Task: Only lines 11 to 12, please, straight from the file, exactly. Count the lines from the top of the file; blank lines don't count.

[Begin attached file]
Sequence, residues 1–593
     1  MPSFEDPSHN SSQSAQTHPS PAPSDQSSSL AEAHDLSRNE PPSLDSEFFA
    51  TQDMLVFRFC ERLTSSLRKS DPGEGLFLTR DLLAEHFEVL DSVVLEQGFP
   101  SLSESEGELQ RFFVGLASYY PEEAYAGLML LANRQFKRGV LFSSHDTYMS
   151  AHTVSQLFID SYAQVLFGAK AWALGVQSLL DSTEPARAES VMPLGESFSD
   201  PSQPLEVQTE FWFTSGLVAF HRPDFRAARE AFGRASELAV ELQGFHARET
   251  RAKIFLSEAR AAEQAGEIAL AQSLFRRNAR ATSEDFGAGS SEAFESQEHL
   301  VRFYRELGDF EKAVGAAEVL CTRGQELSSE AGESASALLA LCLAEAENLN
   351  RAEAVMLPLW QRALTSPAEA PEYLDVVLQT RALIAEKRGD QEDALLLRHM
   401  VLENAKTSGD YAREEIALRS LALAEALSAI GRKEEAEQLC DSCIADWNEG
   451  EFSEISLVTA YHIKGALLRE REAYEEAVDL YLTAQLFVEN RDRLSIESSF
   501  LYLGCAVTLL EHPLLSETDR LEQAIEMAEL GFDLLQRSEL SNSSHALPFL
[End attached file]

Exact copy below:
   451  EFSEISLVTA YHIKGALLRE REAYEEAVDL YLTAQLFVEN RDRLSIESSF
   501  LYLGCAVTLL EHPLLSETDR LEQAIEMAEL GFDLLQRSEL SNSSHALPFL